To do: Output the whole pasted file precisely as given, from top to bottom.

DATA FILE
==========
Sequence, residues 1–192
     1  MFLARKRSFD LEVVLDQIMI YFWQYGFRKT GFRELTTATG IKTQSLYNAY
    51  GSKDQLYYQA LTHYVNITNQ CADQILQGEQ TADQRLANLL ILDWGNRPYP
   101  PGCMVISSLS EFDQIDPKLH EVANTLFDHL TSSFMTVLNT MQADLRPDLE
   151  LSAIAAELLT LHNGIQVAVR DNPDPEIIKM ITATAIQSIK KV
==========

Sequence, residues 1–192
     1  MFLARKRSFD LEVVLDQIMI YFWQYGFRKT GFRELTTATG IKTQSLYNAY
    51  GSKDQLYYQA LTHYVNITNQ CADQILQGEQ TADQRLANLL ILDWGNRPYP
   101  PGCMVISSLS EFDQIDPKLH EVANTLFDHL TSSFMTVLNT MQADLRPDLE
   151  LSAIAAELLT LHNGIQVAVR DNPDPEIIKM ITATAIQSIK KV